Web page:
Montpelier: Located near Orange, Virginia. Montpelier is a 2,750-acre estate that includes farmland, race courses, a terraced two-acre formal garden, a stunning landscape, a National Landmark Forest, active archaeological sites, and more than 130 buildings.
Charlottesville/Albemarle Convention and UVA Visitors Center: All the information you need, including maps, guides, brochures and on-the-spot help and advice, can be found here. UVA Visitor Center — 2306 Ivy Road; and area Visitor Center — Downtown at the eastern end of the Downtown Mall (Open daily except Sunday: 10-5).
Charlottesville, Virginia was recently voted the number one place to live in the Unites States by two formidable publications: USA Today and Frommer’s Travel. Follow this perfect recipe on how a small city was able to earn these formidable accolades.
How does a small city of 60,000 people earn the respect as the number one place to live and work in the country? It’s the Charlottesville real estate market! It’s hot…hot…hot.
Charlottesville, Virginia real estate has been rocketing ever since it earned these accolades last spring.
“The emails are coming in from all over the country,” adds Toby Beavers, an internet savvy realtor and webmaster of http://www.Charlottesville-Area-Real-Estate.com.
“They all want to know what’s so great about Charlottesville real estate. Very few know a thing about the Charlottesville area real estate market…o r even Virginia.”
“Assistant professor Carol Lynn Maxwell-Thompson conducted a Teddy Bear Clinic at Clark Elementary School in Charlottesville. The purpose of the clinic was to familiarize 3- and 4-year-old children in the preschool program with nurses and medical instruments. Karen Grove, an alumna of U.Va.’s School of Nursing and current librarian at Clark Elementary, came up with the idea for the clinic to encourage preschoolers to be more enthusiastic about getting regular checkups. Faculty, staff and students at the Nursing School made personal contributions to buy 56 identical teddy bears through U.Va. Bookstore buyer Jan Taylor, who provided a discounted price.”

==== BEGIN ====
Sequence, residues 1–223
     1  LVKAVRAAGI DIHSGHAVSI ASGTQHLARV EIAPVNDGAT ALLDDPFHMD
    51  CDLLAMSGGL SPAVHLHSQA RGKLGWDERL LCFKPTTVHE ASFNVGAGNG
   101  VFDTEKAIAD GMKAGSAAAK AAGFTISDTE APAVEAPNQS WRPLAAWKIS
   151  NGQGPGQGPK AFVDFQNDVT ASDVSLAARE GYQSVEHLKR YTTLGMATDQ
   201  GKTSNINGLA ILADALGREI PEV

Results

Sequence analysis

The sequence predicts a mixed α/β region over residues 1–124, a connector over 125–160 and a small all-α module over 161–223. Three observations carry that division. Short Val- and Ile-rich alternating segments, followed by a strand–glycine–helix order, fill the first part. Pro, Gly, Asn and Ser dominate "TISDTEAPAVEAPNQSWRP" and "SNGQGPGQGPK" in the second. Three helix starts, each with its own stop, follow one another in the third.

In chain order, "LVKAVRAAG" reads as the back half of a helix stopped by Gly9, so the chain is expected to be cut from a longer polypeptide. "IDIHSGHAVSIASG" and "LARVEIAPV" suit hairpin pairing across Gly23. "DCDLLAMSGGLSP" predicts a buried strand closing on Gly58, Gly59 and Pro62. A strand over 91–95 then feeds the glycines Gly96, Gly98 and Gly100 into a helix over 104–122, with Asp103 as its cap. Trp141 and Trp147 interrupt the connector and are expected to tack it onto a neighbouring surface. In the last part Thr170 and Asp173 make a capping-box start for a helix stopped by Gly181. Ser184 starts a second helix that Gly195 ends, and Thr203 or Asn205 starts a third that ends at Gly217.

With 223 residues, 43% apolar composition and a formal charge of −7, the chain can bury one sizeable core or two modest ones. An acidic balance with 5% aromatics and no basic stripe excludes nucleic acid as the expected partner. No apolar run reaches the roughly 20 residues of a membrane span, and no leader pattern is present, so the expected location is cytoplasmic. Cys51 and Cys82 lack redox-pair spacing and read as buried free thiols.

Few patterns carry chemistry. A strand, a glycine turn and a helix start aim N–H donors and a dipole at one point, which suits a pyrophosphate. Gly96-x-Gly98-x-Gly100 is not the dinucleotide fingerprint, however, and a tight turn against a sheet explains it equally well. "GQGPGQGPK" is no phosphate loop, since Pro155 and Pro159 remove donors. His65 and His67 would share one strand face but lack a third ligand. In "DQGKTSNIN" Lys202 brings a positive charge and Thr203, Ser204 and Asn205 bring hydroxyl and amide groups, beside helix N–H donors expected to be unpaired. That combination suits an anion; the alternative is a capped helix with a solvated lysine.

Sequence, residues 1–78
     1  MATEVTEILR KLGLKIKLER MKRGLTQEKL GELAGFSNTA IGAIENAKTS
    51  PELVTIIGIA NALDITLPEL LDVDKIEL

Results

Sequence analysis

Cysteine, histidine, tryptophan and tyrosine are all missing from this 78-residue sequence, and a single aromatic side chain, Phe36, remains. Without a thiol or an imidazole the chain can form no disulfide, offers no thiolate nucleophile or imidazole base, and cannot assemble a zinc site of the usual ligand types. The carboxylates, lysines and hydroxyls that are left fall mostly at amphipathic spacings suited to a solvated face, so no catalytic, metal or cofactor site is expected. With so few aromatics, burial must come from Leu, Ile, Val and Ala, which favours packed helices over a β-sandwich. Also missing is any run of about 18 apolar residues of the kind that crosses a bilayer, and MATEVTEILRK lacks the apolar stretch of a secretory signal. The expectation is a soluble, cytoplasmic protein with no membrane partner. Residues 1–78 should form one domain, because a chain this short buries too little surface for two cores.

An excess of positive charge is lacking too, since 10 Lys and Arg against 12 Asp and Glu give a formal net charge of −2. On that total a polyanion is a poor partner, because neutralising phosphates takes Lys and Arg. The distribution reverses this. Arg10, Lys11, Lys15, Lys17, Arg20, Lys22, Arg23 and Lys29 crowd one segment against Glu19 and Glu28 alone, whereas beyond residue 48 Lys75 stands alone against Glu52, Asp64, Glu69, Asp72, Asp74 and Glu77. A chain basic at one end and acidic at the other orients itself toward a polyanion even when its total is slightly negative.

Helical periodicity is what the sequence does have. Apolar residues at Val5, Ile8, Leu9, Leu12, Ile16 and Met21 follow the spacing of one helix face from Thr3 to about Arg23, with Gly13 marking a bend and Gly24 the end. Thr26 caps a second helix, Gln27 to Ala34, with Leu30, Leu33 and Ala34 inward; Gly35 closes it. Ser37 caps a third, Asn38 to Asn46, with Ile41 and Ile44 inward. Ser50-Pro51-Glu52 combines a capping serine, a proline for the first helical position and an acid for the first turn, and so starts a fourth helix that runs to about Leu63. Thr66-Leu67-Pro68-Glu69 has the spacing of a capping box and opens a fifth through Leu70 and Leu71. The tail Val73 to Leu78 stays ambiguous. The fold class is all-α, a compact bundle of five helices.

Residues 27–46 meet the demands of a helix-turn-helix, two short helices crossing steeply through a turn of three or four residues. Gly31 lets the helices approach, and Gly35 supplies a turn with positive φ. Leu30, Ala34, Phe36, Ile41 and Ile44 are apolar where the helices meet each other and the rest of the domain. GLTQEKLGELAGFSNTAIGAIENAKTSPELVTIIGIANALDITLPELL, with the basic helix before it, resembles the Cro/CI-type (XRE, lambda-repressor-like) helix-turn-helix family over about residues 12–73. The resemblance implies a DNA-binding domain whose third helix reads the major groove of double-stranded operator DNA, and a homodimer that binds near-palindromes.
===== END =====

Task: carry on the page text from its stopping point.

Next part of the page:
Each child was given a bear (each with a special name) at the beginning of the process, and it was explained to the three- and four-year-olds that their bears were sick and needed the help of a nurse and doctor. It’s hoped that the exercise will be repeated at other venues and that the community’s children will learn to lose their fear of doctors, nurses, and hospitals.
Cummins again: “Nursing students showed the children what the medical instruments did and the children began checking out their bears; they looked down the bears’ throats with flashlights and tongue depressors, checked heart rate and listened to lungs with a stethoscope, learned how to check blood pressure and temperature, and weighed their bears.”
It’s not known to what extent that children from different social groups fear medical practitioners and procedures.